The extracellular matrix is an essential protein network that provides specific environmental signals to control cell organization and function in all tissues. Deficiencies in matrix composition and architecture contribute to many diseases including cancer, atherosclerosis, arthritis, and skeletal defects. The overall goal of our research is to determine how tissue-specific variations in matrix structure and organization regulate and modulate cell activities.
One of the major components of extracellular matrix is fibronectin, a large, adhesive glycoprotein. Fibronectin interacts with cells and transmits signals primarily through integrin receptors. Integrins are a large family of a b heterodimeric receptors with specificity for extracellular ligands. Integrin recognition of fibronectin promotes cell adhesion, migration, and proliferation. Integrins are also essential for assembly of fibronectin into a pericellular fibrillar matrix. Blockade of intracellular pathways with specific kinase inhibitors and analyses of cells that lack various signaling molecules have revealed essential roles for focal adhesion kinase (FAK) and Src kinase, syndecan proteoglycan receptors, and a sulfate transporter in this cell-mediated assembly process. FRET analyses performed with GFP-tagged fibronectin domains are providing new insights into conformational changes that occur during matrix assembly.
The fibrillar fibronectin matrix provides a unique environment for studying how cells respond to changes in matrix composition and organization. We have found that this three-dimensional (3D) network promotes increased integrin activity leading to stimulation of matrix assembly. By varying the cell binding capacity of the matrix by incorporating mutant fibronectins, we have been able to tailor the matrix microenvironment to favor migration of cells with specific integrin repertoires. We are now using this system as a physiological substrate for characterizing regulation of stem cell self-renewal and differentiation.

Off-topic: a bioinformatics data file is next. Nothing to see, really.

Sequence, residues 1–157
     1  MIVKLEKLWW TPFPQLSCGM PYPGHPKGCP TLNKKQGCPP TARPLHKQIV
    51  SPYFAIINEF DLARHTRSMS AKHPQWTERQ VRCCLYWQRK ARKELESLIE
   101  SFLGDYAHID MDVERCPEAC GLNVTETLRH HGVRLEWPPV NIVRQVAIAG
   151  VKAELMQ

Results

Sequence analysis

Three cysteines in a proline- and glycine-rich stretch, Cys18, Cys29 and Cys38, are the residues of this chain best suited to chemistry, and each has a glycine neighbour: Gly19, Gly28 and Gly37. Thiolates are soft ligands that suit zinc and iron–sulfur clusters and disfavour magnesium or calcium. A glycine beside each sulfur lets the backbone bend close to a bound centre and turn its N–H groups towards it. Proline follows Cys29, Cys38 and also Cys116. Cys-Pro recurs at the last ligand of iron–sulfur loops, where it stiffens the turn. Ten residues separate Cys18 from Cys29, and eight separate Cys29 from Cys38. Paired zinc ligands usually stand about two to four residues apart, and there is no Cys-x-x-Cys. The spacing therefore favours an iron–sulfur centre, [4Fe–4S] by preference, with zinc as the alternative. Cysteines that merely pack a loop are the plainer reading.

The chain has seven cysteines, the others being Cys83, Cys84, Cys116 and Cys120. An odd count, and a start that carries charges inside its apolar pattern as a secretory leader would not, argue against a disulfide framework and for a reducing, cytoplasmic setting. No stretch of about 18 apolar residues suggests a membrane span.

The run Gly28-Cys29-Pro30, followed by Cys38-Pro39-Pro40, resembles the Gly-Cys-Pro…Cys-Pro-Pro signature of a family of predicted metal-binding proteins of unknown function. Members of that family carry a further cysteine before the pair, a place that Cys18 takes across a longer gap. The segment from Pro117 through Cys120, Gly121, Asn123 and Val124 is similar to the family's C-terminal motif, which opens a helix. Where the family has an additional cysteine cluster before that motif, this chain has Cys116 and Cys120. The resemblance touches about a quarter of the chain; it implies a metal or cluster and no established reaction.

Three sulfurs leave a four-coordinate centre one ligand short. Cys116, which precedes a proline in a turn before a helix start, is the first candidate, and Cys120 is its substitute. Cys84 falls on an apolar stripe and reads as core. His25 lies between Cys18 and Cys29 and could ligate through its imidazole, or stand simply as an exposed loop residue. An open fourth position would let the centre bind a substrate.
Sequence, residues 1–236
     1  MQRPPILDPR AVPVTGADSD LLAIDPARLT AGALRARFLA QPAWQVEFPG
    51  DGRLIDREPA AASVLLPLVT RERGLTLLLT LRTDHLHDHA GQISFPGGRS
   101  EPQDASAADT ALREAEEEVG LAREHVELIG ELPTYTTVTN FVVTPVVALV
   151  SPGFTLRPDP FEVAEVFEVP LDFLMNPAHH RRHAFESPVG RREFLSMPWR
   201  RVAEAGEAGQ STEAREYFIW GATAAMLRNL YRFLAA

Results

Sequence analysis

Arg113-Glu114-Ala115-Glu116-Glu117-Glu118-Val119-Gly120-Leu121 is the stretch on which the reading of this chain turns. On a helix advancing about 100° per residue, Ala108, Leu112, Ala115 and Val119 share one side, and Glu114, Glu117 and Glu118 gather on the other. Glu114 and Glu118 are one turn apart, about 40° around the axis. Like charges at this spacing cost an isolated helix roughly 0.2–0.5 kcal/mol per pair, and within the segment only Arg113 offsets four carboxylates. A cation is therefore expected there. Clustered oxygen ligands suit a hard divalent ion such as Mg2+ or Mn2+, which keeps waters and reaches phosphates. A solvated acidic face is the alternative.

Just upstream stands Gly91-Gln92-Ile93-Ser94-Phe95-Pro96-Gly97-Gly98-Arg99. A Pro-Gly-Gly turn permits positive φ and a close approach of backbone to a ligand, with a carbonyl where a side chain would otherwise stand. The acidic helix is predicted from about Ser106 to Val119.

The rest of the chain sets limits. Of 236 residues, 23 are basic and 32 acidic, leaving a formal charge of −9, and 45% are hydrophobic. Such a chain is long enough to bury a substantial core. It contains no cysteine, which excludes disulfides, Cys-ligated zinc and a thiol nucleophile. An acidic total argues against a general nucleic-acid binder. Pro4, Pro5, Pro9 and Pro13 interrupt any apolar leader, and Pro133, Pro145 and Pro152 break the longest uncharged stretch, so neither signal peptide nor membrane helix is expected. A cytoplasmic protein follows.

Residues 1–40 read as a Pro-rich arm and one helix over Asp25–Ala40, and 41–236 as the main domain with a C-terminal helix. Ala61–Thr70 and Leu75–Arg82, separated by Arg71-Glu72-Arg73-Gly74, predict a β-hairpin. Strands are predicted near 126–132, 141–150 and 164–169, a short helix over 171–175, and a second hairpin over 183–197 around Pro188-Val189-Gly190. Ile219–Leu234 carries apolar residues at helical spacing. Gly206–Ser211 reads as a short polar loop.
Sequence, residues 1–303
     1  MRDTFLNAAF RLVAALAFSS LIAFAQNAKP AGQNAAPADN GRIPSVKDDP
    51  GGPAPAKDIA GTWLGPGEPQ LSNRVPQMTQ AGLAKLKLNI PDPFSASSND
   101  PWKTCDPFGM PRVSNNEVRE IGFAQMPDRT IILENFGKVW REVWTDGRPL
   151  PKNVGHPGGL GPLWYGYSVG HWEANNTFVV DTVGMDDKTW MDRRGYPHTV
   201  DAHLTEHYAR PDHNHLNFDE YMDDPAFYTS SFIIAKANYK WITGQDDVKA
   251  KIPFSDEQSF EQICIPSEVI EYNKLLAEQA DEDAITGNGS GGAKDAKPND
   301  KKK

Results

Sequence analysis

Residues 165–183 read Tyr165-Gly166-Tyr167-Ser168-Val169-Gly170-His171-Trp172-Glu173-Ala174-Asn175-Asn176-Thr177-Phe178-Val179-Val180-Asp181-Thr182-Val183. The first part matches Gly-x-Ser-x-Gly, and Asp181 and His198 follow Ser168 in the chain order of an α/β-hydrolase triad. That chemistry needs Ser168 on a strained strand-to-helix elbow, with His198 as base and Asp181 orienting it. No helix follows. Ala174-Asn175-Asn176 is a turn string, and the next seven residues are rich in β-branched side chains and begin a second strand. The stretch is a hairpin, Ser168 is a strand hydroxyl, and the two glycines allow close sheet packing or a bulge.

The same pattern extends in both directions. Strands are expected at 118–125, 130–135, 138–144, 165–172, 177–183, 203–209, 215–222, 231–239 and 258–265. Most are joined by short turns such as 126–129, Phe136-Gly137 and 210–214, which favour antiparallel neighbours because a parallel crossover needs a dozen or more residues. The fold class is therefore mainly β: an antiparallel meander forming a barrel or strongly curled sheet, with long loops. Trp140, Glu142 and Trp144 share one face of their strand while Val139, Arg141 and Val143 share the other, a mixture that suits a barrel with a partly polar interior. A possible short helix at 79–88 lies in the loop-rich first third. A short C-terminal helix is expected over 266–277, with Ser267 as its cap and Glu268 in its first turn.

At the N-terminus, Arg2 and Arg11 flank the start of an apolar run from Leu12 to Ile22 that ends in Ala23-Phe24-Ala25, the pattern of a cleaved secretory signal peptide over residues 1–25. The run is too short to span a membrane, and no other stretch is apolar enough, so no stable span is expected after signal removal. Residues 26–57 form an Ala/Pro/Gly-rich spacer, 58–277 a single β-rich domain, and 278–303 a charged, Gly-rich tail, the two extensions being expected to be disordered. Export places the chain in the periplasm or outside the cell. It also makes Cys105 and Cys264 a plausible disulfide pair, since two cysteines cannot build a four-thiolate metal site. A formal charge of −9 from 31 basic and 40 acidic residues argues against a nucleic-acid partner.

A highly dynamic matrix composed of fibrin and fibronectin is formed at sites of tissue injury. This wound provisional matrix provides a useful model for determining the matrix requirements during injury repair. Our results show that fibroblasts adhere and spread on this matrix and activate FAK and Rho GTPase in a fibronectin-dependent manner. Tenascin-C, another matrix protein that is up-regulated at injury sites, modifies cell binding to this matrix, induces extension of lamellipodia, suppresses Rho activation and has these effects by preventing syndecan receptor binding to fibronectin. We are continuing to use this 3D matrix to define the roles of matrix composition in modulation of cell adhesion and signaling.
The laminin-rich Matrigel reconstituted basement membrane matrix is a key substrate for differentiation of mammary epithelial cells into spherical duct-like structures in culture. This matrix promotes polarization of cell clusters, growth arrest, and formation of a hollow lumen by apoptosis of cells not contacting the basement membrane. Fibronectin levels are increased in breast tumor stroma so we are testing the effects by addition of fibronectin to the Matrigel matrix. We have found that fibronectin reverses growth arrest, promotes proliferation, and perturbs acinar morphology, suggesting that up-regulation of fibronectin in tumors contributes to the oncogenic phenotype.
Integrin receptors are structurally and functionally conserved in all multicellular organisms. We have established a genetic system based on the nematode Caenorhabditis elegans to determine the primary pathways involved in transmission of extracellular matrix-integrin signals. Integrins are required for post-embryonic gonad morphogenesis which depends on directed migration of two distal tip cells. Both genetic and genome-wide RNAi-based screens for defects in this cell migration process have been used to identify genes that regulate integrin-mediated cell migrations in vivo. Ninety-nine genes have been identified as essential for distal tip cell migration and gonadogenesis. We are focusing on a subset of these genes that show phenotypes specific for initiation of migration, cell turning, or stopping.
To complement these rather complex nematode and cell culture systems, we are also collaborating with Prof. Jeff Schwartz in the Chemistry department to develop chemically-modified substrates with defined compositions of adhesion protein domains. Materials such as titanium, silicon, and nylon have proven amenable to modification and have already been used to generate cell adhesive surfaces. In addition, we are exploring the potential use of these modified materials as implants for tissue repair and regeneration.